And yet I can imagine my attitude changing. It doesn't feel like a truism for my creative life, just a proclivity that is in full swing right now. It could change next year. Who knows?
Your challenge is an interesting one. Given my current subterranean, sub rosa mind set, I'm probably not a good candidate to participate. But I am curious about the response it engenders.
Thank you for this thoughtful and provocative posting."

Lou Storey is a New Jersey artist who is also a social worker. Lou currently works with people with HIV/AIDS. I met Lou last year when he took on the herculean task of curating and organizing an exhibit of art by social workers for an annual social work conference. The exhibit was a very popular feature of the conference, which draws several thousand social workers over a weekend in Atlantic City. Here's what Lou has to say about his studio:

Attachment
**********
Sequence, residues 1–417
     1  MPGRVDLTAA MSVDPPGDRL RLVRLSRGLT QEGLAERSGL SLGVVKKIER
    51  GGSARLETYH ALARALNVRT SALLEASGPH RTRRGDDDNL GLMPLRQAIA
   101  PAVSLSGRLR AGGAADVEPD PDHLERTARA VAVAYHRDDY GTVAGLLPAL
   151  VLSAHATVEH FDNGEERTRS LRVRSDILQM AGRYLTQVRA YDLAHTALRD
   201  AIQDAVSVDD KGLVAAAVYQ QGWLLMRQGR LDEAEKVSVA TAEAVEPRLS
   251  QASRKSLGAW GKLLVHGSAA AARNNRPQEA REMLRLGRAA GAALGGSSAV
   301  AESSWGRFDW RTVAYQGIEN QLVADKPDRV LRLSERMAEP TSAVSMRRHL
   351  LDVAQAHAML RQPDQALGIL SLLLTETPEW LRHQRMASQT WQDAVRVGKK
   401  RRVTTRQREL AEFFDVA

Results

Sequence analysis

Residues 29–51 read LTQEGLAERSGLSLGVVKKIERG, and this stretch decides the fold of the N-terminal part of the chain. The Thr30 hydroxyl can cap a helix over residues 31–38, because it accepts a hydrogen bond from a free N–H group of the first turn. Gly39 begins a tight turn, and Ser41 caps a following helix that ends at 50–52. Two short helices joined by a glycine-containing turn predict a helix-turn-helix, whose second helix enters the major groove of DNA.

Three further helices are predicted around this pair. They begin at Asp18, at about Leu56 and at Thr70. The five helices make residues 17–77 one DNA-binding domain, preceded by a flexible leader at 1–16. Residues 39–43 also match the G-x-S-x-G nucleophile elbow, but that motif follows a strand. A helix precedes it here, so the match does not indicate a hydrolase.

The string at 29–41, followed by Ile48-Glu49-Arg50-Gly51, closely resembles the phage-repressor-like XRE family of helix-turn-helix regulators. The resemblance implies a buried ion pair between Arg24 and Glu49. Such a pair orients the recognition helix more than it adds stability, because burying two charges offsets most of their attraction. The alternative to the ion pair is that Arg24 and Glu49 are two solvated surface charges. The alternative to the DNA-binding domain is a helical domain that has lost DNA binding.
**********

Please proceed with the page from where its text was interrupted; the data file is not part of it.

"I’ve had plenty of studios (30+ years of them) and this one, built in the unfinished basement of my new home, is a keeper. I never intended to paint the floor, but the guy that helped me with the lighting insisted on the walls, ceiling and floor being white, which I hated. I need to see colors. I tried the white room for about two days (or was it two hours?) and went stark raving mad. I had some left over cans of paint from painting the walls upstairs, so I just went at the floor and a few hours later I felt the studio become livable.

Regarding letting people into my studio, I now do it carefully. Years ago a critic came to my studio (I was thrilled) and I am sure she said lots of nice things and helpful things, but all I can remember is a strange statement she made: “My, you have an unusual relationship with yellow!” For years after that when I would pick up the tube of yellow I would hesitate. But that was years ago, and it is no longer a problem, although when I pick up a tube of yellow now I am apt to say, “Well, hello there yellow, you’re looking scrumptious today!”

Bring Hope


28 x 36

Acrylic, wood, cast plastic shapes

Thanks to both Lou and Deborah. Check back in the next few days for the next installment of the ISBP. There is no deadline for this project. I'll continue to post contributions as they come in....pass it on!